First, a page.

Thanks for sharing, and a good reminder on why we need to have funds readily available. I should make note of this as I often like to live on the edge… I’ve been getting to the point where I’m even borrowing the security deposit from one of my tenants to cover expenses. Probably not a good habit to be practicing!

    1. KK

      You need to save a little more and I need to spend a little more maybe 😉 Sometimes I think I need to be a little more relaxed (it would probably be good for me to live a little more on the edge).

  18. DC @ Young Adult Money

    Both my wife and I have had some big car problems resulting in a bill close to $1k. Those emergencies are really disappointing because it’s $1k! Seems like so much money to lose to a car repair, yet it’s so necessary. I need to keep building my emergency fund so the sting isn’t quite as bad next time.

    1. KK

      Car repairs always stink (especially when they’re unexpected) but you’re absolutely right, it’s not as bad when you have the money to pay for the repairs and you don’t have to beg and borrow to get the money you need.

  19. Connie @ Savvy With Saving

    Luckily, I haven’t had any real emergencies yet (aside from ones that cost a couple hundred so not so bad). I’ve heard a lot of stories of how people have depleted their emergency funds because of car accidents. Luckily, I don’t drive! :)

    1. KK

      I love to drive, but I certainly would like to not have the expense (especially on days like that one).

  20. Edgar @ Degrees and Debt

    I know that traffic on 93 very well :) god I love Boston

    1. KK

      Good times… :-)

  21. Kyle | Rather-Be-Shopping.com

    The worst part about an emergency funds is having to use emergency funds. But I sleep so much better at night knowing that we are covered if the car craps out or if the washing machine stops cleaning the ridiculous amount of dirty laundry that rolls through my house.

    1. KK

      Exactly. And the best part is not going into debt to make car repairs or buy a new washer 😉

  22. Brian

    We once had a house fire, started by roofers torching the roof. The suite was unlivable in and the mattress and various computer things destroyed. Thankfully we had an emergency fund on hand to deal with the situation and ended up saving money in the end as the rental company put us up in a hotel for the next month and a half and we didn’t have to pay rent! I’d still rather have had the house to live in…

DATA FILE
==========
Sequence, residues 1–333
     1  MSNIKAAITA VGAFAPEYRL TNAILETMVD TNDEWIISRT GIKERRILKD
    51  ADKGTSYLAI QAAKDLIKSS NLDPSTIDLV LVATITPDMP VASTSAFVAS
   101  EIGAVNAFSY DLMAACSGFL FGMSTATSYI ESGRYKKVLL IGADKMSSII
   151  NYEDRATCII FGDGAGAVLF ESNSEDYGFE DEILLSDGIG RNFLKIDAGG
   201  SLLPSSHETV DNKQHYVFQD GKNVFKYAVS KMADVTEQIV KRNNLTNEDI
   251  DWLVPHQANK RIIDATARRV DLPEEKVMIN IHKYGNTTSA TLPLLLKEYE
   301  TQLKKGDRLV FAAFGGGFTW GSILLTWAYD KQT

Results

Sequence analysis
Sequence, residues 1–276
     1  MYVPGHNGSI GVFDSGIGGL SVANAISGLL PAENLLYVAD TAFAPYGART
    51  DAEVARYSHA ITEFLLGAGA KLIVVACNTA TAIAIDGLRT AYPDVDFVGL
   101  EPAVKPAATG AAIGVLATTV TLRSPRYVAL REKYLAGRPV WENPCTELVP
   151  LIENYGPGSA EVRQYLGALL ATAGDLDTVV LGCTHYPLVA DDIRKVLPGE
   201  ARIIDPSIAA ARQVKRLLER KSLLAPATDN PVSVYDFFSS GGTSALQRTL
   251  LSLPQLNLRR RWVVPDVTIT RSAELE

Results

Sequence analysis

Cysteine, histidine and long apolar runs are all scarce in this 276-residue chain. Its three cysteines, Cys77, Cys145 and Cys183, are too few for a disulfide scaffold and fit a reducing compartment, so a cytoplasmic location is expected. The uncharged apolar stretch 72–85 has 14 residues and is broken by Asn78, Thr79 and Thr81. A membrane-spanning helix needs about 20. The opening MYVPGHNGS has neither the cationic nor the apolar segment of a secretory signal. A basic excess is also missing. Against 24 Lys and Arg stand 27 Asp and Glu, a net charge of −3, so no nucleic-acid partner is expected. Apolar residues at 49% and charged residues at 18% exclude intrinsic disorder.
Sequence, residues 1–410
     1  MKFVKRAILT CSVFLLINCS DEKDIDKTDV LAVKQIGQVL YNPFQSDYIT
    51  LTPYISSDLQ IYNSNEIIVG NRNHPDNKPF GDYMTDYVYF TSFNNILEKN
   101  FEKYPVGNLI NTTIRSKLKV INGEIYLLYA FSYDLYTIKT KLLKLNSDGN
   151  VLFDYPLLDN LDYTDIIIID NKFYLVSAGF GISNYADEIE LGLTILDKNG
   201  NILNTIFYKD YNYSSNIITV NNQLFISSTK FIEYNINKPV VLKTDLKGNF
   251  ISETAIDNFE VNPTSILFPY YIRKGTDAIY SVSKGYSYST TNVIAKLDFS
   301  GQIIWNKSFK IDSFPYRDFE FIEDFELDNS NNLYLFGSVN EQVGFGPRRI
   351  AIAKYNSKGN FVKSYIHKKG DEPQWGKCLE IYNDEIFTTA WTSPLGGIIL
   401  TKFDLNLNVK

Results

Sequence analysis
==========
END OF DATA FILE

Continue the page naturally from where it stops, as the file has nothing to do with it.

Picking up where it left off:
23. Tara @ Streets Ahead Living

    We have the emergency savings mostly for unemployment preparation now, especially since our car is really not a necessity and if we have a serious repair need, we’ll just scrap it. My husband has been umployed for three months twice in the past 3.5 years so it’s always best to prepare, especially if you’re in a career that can be hit with dry spells.

  24. Martin

    I just got across your blog and read the story. It was a very nice story although probably at that time it was scary and demotivating. But I am glad seeing a young person (at that time) taking life responsibly and trying to take care of herself. In today’s world it is a rare appearance I guess. Hopefully your story will be inspirational to other new savers and young people who are just starting and realizing that it is a lot better when you are self-reliable.

  25. Angela

    I try to save for a few months to cover my student loan payments. I calculated it, and I have enough savings to teach in Thailand with a small income, along with pay monthly rent in the States and my college loans for a year. I actually never thought of my savings as an emergency fund, but after reading your article, it made me realize that I have a decent savings for a rainy day.